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Data on child well-being: How does the nation measure up?

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Data on child well-being: How does the nation measure up?

Understanding how our youth are faring is an important aspect of not only reinforcing, but also strengthening the supports that afterschool provides. Two separate reports released this summer delved into the state of child well-being across the country, measuring our nation’s progress over time.   The Annie E. Casey Foundation’s 2019 Kids Count Data Book: State Trends in Child Well-Being provides a detailed overview of national and state trends, while Building a Grad Nation: Progress and Challenge in Raising High School Graduation Rates, authored by Civic and the Everyone Graduates Center at the Johns Hopkins University School of Education, investigates the discrepancies in teen graduation.

For the past three decades, the Annie E. Casey Foundation has been tracking the demographic and geographic changes within the youth population–elevating data as a tool to think about how to ensure the happiness and healthiness of all children in our nation. The latest edition of the Kids Count Data Book examines the growth and changes in child population by looking at 16 index measures of child well-being across four domains: health, education, family and community, and economic well-being. By outlining trends in the American childhood experience, the Kids Count Data Book highlights the areas we are on track, and where there is room for growth.

Since 1990, the nation’s child population has grown to almost 74 million. Accompanying this growth are a number of developments that the Casey Foundation have identified as promising improvements in the well-being of youth and their families. Looking at changes over the past seven years alone, Kids Count data shows that on a national level, there are more parents with secure employment (73 percent), more children with access to health insurance (95 percent), more teens graduating high school on time (85 percent), fewer teen pregnancies, and fewer children living in poverty (18 percent).

Nonetheless, Kids Count has identified key areas where progress can still be made. Most poignant is the trend of racial inequity that has persisted across domains in their evaluation of child-wellbeing, such that children of color are more likely to remain below the national average despite the social and economic gains they achieve. To put this into perspective, Kids Count data studies the number of eighth-grade public school students who do not meet the National Assessment of Educational Progress’s standards of proficiency in math. Between 2009 and 2017, African-American and Latino students showed improvements in math achievement, with percentages of eighth graders not proficient in math dropping down to 87 percent and 80 percent respectively. However, these rates are still far above the national average of 67 percent, and even more so from their White peers, of which only 57 percent are not proficient. This equity gap raises important concerns for a nation in which nearly half of its population (47 percent) are children of color.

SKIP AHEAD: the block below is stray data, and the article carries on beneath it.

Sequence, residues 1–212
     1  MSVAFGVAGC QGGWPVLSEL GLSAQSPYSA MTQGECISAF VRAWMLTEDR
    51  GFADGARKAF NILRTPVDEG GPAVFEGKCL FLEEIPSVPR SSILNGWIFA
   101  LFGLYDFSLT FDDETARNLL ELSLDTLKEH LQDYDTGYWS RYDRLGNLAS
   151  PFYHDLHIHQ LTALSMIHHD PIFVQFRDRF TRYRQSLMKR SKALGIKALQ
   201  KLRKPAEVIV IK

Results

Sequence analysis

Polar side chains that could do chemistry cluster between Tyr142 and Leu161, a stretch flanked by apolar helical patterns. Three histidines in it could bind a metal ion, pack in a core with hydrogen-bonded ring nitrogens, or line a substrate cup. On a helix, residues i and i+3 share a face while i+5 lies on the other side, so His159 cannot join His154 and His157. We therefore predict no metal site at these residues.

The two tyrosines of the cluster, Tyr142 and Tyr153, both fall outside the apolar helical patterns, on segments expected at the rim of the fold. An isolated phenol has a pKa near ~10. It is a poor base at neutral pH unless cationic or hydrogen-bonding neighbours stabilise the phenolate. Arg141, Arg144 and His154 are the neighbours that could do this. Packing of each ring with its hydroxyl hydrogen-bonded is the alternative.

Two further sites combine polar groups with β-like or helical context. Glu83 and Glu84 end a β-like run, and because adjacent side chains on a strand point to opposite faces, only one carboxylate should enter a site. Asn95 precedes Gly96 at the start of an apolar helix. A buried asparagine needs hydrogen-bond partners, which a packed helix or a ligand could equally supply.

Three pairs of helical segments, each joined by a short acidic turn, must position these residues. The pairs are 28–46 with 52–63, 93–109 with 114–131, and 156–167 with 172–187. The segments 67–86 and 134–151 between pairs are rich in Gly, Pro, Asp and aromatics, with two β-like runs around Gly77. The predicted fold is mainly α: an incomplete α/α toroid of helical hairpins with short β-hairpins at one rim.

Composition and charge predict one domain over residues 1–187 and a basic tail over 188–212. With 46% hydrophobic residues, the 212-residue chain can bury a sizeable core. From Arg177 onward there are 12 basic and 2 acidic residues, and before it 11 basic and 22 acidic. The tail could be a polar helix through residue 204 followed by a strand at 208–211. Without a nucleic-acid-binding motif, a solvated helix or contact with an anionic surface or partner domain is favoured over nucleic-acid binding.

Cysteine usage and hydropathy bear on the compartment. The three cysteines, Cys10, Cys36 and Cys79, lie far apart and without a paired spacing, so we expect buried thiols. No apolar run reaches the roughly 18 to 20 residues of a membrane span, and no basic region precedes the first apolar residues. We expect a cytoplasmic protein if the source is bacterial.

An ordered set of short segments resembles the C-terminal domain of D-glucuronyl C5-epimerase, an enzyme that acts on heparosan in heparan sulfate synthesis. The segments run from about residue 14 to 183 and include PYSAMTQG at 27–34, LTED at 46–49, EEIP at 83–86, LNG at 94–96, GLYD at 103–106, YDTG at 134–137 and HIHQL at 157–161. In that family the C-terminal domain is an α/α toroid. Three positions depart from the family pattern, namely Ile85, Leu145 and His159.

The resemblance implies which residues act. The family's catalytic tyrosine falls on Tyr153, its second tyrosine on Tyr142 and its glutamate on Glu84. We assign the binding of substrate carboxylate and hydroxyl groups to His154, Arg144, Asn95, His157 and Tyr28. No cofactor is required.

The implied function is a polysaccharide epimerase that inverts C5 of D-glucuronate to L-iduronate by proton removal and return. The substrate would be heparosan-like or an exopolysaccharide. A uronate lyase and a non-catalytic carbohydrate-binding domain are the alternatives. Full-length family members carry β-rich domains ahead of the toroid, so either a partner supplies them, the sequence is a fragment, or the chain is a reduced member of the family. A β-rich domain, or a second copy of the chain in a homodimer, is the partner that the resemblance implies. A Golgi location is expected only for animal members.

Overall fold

GradNation echoes similar sentiments about the equity gap in their annual report on high school graduation rates. According to Building a Grad Nation, a record number of students are graduating high school on time (85 percent). However, this graduation rate is uneven across demographic groups, with White and affluent students persistently graduating at higher rates. GradNation explains that in order to meet its campaign goal of a 90 percent graduation rate for all students by 2020, it is critical to see graduation rates rise within specific demographic subgroups—namely students of color, low-income students, English Language Learners, students with disabilities, and homeless students. Adding another level of complexity to this issue, GradNation reveals out that while the vast majority of students already attend high schools with a 90 percent graduation rate, the students who do attend low-graduation-rate high schools (67 percent graduation rate or lower) are disproportionately low-income students and students of color.

Afterschool programs have long been working towards alleviating the academic disparities that exist among our nation’s youth. Through a variety of enriching learning opportunities that range from robotics to community service, afterschool is reaching underserved communities and helping students make important academic and behavioral strides to reach their full potential. As the Casey Foundation and GradNation both point out, for students to continue to make education advances, our nation needs to keep prioritizing investments in education; and to help policy makers make decisions that benefit our children, we need good data.

The Casey Foundation identifies the upcoming 2020 U.S. Census as “a critical opportunity to collect data necessary to guide policymakers,” who use census data to allocate a wide scope of federal funding that amounts to more than $880 billion each year, including the 21st Century Community Learning Center initiative, the only federal funding stream that is dedicated to afterschool. According to Census Bureau estimates from the 2010 Census, approximately one million children were uncounted, and this is only looking at children 4 years of age and under. Outreach to families, particularly those who are typically left out of the census count, is just as important as ever, to ensure that all children receive the supports they need to improve their well-being.

To get more information about trends on child well-being, see 2019 State Trends in Child Well-Being and Building a Grad Nation.

Data on child well-being: How does the nation measure up?

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